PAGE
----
Today is Cinco de Mayo, a day known for celebrating the Mexican culture. At Chile Peppers, 118 Retreat Village, St. Simons Island, there are two signature drinks for those celebrating to try.
Those are a Paloma and margarita. They sprang to mind for Chile Peppers’ owner Louis “Lou” Olivarez and his sister, Daniela Cruz. That’s what they think of in terms of “signature Mexican” cocktails. They also serve traditional meals like Mole to honor this holiday.
There is a common misconception that Cinco de Mayo is Mexico’s Independence Day, but it isn’t. This day is to commemorate a single battle, the Battle of Puebla in 1862, where the Mexican army was victorious over the French during the war between the two countries.
Cruz said that when the French were defeated, they got kicked out of the country, giving Mexico a reason to celebrate. Mexico’s gained its full independence from Spain half a century before this battle happened.
“Independence Day is celebrated on the 16th of September with parties and grand displays of fireworks, decorations, food and music,” Cruz said. “The same can be said for the celebrations held on Cinco de Mayo. However, the holiday is not as widely celebrated in Mexico as it is in the states. The festivities mostly take place in the city of Puebla with decorations, parades and costumes representing the soldiers on both sides of the war, French and Mexican.”
Chile Peppers serves Mole, which Cruz said is the perfect way to observe this holiday.
“Mole sauce actually hails from the city of Puebla itself and has about 20-plus ingredients, and can also be served in numerous ways, for example, over chicken or enchiladas,” Cruz said.
The other way to honor this holiday is through the two signature cocktails. Cruz said the Paloma is the most popular cocktail in Mexico and a good alternative to the margarita.
There are two ways Chile Peppers does the Paloma, but their margarita is quite traditional.
They’ll make it the traditional way for the Paloma with tequila and agave nectar mixed with lime and grapefruit juice with a couple of optional splashes of club soda.
Olivarez garnished his with a slice of grapefruit. They also have a way to make it that’s a bit simpler. Cruz said they’ll use a drink called Long Drink that comes in a can. It’s a citrus-based soda with a kick of liquor in it. They will pour that in with the tequila and such, then add a splash of grapefruit juice, then garnish with a lime.
However, Olivarez said they like to add their own spin to everything.
“We like to not be like everyone else. Even the names of our food are different — the title of the restaurant. It’s just different,” Olivarez said. “That’s what we like to do, set ourselves apart from other places. We even infuse our own tequila. I make it myself. I do like a mango habanero, and I also do a cucumber jalapeño.”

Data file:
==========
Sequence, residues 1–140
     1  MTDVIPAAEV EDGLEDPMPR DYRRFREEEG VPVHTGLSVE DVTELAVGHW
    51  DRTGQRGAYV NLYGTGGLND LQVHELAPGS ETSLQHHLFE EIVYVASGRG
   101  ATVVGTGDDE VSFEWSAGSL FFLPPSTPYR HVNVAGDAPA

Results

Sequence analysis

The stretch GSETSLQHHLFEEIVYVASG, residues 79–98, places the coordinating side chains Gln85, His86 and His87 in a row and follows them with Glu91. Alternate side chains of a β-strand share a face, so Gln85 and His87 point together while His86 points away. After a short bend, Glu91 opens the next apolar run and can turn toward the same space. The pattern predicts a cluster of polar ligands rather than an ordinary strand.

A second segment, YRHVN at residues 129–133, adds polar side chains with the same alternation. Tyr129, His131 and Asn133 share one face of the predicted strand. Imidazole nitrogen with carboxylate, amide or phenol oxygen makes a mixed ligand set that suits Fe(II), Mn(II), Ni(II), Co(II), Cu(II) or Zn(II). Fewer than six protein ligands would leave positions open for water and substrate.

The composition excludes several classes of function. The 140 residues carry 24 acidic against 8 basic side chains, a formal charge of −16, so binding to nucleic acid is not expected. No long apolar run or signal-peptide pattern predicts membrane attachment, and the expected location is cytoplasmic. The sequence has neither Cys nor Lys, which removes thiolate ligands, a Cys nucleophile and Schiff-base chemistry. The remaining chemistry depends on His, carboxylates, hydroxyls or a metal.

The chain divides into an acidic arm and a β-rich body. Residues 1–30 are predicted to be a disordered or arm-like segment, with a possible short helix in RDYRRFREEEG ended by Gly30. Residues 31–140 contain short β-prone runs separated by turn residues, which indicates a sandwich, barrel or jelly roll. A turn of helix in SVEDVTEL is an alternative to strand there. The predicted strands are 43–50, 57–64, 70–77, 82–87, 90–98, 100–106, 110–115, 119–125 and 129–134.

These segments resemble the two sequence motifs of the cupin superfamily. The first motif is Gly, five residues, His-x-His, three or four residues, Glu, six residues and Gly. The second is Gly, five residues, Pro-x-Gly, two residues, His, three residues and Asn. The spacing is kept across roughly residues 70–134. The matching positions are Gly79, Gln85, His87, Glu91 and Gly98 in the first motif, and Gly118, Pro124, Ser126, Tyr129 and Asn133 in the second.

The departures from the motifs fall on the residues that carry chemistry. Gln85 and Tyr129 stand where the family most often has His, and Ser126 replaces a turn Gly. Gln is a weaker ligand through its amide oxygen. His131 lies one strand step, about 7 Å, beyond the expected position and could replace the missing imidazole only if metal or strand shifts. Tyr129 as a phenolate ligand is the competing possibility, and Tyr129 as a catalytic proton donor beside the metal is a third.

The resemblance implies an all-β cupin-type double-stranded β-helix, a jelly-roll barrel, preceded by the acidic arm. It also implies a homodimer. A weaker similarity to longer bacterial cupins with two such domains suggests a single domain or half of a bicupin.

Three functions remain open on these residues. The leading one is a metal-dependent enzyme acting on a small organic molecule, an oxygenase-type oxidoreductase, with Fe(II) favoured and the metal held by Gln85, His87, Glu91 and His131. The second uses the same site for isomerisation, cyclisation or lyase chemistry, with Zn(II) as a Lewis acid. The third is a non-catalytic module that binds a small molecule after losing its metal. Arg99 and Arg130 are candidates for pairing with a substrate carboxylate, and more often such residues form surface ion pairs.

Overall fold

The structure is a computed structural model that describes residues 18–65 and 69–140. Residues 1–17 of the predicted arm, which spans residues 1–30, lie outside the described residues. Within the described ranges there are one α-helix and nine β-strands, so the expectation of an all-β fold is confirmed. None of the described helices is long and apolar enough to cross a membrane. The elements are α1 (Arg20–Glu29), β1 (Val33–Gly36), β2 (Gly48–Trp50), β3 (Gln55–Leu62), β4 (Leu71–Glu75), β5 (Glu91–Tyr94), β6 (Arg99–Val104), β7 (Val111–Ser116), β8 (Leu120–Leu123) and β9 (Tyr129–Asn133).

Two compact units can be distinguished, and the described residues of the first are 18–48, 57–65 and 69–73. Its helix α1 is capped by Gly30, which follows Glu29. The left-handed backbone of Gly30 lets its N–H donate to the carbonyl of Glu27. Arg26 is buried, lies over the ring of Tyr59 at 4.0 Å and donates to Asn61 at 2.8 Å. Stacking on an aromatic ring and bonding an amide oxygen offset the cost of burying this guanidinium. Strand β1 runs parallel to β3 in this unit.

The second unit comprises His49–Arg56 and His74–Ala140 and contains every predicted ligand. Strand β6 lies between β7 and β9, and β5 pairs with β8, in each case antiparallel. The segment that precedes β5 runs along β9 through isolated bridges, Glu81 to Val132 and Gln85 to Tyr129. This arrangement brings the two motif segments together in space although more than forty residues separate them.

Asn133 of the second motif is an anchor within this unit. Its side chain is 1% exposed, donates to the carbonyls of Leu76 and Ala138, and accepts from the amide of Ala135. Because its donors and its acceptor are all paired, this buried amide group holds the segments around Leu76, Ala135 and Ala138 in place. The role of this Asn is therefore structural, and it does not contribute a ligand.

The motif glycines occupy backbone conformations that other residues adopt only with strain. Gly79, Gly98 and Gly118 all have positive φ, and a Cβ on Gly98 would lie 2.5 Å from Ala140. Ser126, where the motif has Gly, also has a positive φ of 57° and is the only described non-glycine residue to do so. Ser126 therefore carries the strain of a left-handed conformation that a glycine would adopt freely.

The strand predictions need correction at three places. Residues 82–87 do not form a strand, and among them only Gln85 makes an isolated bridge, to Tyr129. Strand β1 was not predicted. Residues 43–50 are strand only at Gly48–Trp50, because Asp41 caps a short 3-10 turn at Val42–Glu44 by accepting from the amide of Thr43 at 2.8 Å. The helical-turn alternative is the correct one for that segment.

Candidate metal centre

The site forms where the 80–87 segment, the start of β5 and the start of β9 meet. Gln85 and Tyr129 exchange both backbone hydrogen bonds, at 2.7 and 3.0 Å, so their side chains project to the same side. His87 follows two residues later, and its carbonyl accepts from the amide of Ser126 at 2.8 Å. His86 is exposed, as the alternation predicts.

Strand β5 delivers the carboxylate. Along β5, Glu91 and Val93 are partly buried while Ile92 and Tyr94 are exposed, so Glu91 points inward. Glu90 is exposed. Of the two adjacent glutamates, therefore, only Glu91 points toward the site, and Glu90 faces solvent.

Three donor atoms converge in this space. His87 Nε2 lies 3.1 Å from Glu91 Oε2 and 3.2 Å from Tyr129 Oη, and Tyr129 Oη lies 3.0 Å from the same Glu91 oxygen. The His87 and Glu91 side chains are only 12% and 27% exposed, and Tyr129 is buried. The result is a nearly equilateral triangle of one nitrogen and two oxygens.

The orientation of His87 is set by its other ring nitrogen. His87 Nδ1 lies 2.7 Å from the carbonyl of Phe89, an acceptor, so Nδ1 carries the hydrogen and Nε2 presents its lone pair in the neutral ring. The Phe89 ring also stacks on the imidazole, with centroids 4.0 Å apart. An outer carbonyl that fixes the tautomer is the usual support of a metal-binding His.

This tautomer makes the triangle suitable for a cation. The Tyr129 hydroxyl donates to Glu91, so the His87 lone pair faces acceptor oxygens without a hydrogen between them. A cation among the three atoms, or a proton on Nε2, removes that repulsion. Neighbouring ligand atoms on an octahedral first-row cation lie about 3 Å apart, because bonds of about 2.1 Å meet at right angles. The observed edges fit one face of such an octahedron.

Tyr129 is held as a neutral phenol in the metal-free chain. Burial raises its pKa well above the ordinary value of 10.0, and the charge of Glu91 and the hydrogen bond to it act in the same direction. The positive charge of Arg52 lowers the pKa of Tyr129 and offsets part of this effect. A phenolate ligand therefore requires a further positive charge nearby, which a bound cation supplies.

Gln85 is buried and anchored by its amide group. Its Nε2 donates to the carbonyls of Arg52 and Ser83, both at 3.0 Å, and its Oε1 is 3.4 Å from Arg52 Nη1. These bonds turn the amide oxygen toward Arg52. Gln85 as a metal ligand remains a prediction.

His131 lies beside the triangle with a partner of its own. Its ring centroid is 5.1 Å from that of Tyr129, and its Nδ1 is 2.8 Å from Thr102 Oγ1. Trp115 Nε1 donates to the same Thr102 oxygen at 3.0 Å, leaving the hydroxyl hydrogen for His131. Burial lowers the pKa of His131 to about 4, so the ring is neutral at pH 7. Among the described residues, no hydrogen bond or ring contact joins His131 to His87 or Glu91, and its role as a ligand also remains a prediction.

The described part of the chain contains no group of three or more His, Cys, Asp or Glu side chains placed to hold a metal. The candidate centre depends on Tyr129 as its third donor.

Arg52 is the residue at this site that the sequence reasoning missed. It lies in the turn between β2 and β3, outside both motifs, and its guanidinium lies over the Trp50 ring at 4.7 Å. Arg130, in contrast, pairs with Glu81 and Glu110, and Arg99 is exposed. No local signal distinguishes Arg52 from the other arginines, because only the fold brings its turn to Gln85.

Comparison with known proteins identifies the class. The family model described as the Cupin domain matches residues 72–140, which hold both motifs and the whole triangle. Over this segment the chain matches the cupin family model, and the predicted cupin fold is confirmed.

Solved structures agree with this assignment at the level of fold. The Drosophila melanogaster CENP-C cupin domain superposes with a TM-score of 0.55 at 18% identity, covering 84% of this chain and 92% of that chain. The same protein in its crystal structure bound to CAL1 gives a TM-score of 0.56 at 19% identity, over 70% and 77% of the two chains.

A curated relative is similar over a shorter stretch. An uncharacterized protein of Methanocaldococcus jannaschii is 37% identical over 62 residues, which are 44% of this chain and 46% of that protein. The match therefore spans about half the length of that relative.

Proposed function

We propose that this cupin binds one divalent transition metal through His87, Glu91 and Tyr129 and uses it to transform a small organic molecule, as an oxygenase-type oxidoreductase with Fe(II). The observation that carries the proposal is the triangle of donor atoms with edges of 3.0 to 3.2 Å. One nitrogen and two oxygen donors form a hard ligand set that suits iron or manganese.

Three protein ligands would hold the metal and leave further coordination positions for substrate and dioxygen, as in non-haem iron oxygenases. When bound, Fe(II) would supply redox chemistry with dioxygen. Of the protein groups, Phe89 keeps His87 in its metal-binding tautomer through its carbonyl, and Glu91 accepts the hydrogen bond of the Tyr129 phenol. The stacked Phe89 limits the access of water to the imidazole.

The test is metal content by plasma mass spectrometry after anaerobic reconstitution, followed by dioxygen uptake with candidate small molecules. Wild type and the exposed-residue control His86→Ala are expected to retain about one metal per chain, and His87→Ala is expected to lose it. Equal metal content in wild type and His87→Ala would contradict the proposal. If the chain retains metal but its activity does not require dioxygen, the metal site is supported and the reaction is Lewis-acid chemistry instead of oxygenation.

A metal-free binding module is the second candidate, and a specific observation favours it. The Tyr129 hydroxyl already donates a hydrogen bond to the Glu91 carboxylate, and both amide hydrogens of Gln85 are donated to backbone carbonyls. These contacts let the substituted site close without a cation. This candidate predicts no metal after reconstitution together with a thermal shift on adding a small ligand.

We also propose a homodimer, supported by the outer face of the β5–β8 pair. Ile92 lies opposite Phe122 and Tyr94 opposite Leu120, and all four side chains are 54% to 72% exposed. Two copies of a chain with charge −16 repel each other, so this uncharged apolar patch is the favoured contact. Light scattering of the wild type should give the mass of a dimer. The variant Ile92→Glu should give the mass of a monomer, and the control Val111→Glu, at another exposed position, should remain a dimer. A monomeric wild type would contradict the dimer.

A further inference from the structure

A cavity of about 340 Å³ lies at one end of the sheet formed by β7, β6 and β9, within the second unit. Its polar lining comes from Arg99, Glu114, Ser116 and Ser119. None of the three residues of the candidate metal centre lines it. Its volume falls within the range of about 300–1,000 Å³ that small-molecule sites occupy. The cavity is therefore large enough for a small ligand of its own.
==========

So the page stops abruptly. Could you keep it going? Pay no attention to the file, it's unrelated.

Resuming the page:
He cuts the produce up for bulk amounts, lets that tequila infuse for five days and then serves it.
Olivarez said any top-shelf tequila works with it, but he didn’t want to let in on his recipe. He said it’s about making it with the right consistency when it comes to the margarita.
“You can even make a delicious margarita with a well tequila. It’s all about how you make it,” Olivarez said.
While there are the two signature Mexican drinks people can order, Olivarez said customers still order all kinds of stuff on Cinco de Mayo. And they’ve even teamed up with their neighbor Alan Ramirez of Sea Salt Healthy Kitchen, who will be offering a Taketo State from 5 to 9 p.m. outside of Chile Peppers this evening.
“People want a lot of everything. I stocked up on everything from bourbon to vodka — beer, white and red wine,” Olivarez said.
“I go through a lot of kegs on Cinco de Mayo. I always make sure I have a good handful ready to go. It’s a hodgepodge of everything.”
East Beach Paloma
1.5 oz of tequila
1/2 oz of agave nectar
1.5 oz of grapefruit juice
1/2 oz of lime juice
Splash of club soda
1 oz. desired tequila (Hornitos Resposado is recommended)
1/2 oz agave nectar
1 can Long Drink
Traditional: In a glass, combine the ingredients, mix and garnish with grapefruit slice.
Simple: Combine tequila and agave nectar in glass, fill the remainder of the class with the Long Drink and top off with a splash of grapefruit juice. Garnish with lime. For a little bit of spice, begin by running a wedge of a lime around the outer rim of a glass, then use Tajín Clásico, a popular Mexican condiment made with chili peppers, roll the glass through the seasoning.
1.5 oz. of tequila
1/2 oz. of orange liquor (like Cointreau)
1 oz of freshly squeeze lime juice or margarita mix
Shake with ice in the shaker and serve in a glass with a classic slat, sugar or chili powder rime. Garnish with a lime wedge.